How do you keep your students engaged? A conversation with Eddie Woo

This video was originally published 2 August 2017.

Eddie Woo chats to CESE about maths, teaching and what works best. Listen to the full conversation.

Eddie Woo explains how he keeps students engaged

Relationship with the kids and rapport is definitely the first ingredient, you know. If you don’t have that, all you’re doing is lecturing at kids and all you would have to do is walk into a university lecture hall and have a look at the attendance rate to know how effective that is as a mechanism. Not that lecturing is unimportant, but as a tool for connecting with students and convincing them to learn, learning is a social process. The primary job of a teacher is not to convey information, but through the social environment, help students feel accountable for doing the work of learning. That’s how they’ll learn. Not by having some really flashy presentation. So definitely, relationship as a foundation and you can’t go anywhere beyond that.
I think the other thing, after relationship with the students, that really improves the dynamic within the classroom so much, so dramatically, is for the teacher to make the commitment to do the work of the learner, to wrestle over a concept that’s challenging and not settle for a basic level of understanding, or just enough understanding to answer questions in an exam or a textbook. So you know, labouring over the book and saying okay, there are five lines of working here. What’s really going on from line one to line two. What’s going on and why are they doing that? Why would they even think to do that? And just pushing relentlessly on asking the questions on every single line that you’re working out. There are two benefits I think that flow from that immediately. Number one, when you spend the time to do that work, you develop empathy with the students and you understand very intimately yes, here’s a really challenging thing about this question. I know because I just experienced it and I can convey that live sort of, yeah I didn’t just learn this twenty years ago and this is self-evident to me, why isn’t it evident to you? Having that experience in the classroom is deadening for a child, because when they find something as challenging and their teacher, the person who’s meant to help nurture their learning, is patronising to them and is just frustrated that they don’t get it, which is understandable because the teacher’s work is hard, that’s really difficult for the student to get over because then they’re going to stop asking questions. They’re going to feel like, okay, you don’t really want to help me because you don’t understand how difficult this is for me.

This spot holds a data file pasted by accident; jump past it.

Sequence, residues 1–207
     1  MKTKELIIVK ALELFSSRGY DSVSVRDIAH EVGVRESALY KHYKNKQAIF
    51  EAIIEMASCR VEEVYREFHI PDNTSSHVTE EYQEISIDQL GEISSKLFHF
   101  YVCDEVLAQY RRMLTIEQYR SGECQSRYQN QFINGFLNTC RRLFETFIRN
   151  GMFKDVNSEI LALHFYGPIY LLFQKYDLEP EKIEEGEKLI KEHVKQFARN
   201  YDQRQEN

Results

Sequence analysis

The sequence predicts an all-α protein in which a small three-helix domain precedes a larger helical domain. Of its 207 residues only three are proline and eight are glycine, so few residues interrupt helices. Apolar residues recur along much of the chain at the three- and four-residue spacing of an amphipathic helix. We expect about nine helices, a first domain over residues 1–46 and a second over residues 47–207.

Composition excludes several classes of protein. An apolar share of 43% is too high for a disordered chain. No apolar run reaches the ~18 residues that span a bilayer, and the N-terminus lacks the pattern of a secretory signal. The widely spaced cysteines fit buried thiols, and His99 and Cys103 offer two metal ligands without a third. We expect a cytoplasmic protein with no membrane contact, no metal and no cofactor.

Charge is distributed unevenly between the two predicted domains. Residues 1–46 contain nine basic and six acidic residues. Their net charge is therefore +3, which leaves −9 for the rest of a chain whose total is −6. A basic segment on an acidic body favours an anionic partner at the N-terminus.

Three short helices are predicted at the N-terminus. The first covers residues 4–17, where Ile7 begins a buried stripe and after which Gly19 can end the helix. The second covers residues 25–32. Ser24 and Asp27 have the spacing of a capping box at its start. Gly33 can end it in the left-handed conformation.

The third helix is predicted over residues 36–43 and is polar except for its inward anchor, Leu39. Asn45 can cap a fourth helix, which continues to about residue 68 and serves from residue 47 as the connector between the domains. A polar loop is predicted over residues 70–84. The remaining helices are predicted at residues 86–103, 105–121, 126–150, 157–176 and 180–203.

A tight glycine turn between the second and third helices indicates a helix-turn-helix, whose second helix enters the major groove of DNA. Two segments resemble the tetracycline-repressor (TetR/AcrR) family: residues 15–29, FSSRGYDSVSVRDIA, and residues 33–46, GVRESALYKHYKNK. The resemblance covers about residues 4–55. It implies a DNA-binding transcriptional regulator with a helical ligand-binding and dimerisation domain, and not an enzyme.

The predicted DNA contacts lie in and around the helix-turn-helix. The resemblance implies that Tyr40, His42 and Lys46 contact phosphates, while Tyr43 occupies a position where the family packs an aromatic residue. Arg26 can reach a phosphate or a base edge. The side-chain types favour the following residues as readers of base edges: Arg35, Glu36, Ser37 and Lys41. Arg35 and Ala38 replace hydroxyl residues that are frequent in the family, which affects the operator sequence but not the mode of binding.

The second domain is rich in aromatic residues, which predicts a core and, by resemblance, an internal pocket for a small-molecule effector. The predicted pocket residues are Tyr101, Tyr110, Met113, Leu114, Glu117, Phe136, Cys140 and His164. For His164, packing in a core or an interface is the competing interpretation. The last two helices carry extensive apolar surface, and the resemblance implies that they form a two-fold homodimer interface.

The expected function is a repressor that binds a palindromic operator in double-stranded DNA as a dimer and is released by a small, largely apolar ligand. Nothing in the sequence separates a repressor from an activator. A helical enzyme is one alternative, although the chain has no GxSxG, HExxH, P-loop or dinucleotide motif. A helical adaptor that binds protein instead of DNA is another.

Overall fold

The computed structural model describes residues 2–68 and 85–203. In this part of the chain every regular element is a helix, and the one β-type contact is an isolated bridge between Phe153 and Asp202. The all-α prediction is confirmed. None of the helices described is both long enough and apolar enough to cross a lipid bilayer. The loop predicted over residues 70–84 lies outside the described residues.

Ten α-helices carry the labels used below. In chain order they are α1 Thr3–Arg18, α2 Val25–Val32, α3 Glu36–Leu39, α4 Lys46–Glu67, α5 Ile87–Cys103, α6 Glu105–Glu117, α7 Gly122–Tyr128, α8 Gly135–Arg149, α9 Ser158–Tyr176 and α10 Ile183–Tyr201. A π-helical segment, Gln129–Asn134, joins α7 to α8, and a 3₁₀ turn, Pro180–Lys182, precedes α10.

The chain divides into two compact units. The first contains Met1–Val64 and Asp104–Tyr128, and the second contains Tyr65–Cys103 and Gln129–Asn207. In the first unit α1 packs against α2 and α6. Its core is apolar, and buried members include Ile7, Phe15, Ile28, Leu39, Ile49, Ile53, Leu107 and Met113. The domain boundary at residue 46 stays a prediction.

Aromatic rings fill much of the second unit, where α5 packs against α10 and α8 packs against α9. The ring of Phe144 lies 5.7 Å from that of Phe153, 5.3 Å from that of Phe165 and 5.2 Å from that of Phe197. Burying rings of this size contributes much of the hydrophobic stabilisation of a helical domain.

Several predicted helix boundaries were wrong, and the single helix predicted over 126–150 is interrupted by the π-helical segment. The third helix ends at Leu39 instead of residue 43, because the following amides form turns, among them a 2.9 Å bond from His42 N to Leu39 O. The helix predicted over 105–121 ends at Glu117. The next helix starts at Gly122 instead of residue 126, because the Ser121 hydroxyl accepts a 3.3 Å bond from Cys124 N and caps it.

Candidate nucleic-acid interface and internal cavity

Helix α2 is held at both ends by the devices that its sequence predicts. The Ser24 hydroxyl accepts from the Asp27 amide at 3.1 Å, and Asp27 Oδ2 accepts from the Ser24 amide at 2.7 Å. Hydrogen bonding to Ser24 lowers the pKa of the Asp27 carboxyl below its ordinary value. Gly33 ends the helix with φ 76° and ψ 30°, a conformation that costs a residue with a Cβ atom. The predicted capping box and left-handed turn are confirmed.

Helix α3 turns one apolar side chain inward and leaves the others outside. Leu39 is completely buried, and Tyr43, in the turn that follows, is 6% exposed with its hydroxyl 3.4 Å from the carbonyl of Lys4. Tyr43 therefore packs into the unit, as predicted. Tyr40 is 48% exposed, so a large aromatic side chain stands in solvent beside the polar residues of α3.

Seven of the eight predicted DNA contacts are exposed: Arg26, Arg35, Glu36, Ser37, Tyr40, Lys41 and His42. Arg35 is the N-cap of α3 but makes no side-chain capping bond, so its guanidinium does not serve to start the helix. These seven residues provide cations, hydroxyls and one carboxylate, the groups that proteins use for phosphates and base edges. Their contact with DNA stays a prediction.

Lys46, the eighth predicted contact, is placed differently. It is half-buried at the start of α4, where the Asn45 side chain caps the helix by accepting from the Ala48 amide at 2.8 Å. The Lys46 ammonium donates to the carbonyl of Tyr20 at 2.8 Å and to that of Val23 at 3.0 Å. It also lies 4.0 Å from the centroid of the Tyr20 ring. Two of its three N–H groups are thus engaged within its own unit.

But the other benefit that comes from it is that when you do the work of a learner, you discover cool stuff. You realise patterns. You understand things that you won’t do if you just skim the surface. I often like to say to pre-service teachers ‘you want to be engaging? Be interested in what you’re learning. Do the work to be interested because interested people are interesting’. People can tell if you are bored and if you are bored then what hope do the students in your classroom have, regardless of your key learning area, but I feel especially for mathematics. The teacher at the front of the room or the sides of the room talking to a student and having an individual conversation, the teacher is the lens through which your students experience the subject. So if what they’re getting is something which is tired and frustrated and really quite bored with this because it’s been the same for years and years and years, then they’re going to have the same kind of experience that you’re having. So we owe it to our students to recapture that interest and that excitement in what we’re learning, because learning things is amazing. It’s a miracle what human minds are capable of, so reconnecting with that, or connecting with it for the first time, I feel is just very powerful for teachers with students.


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  • Centre for Education Statistics and Evaluation
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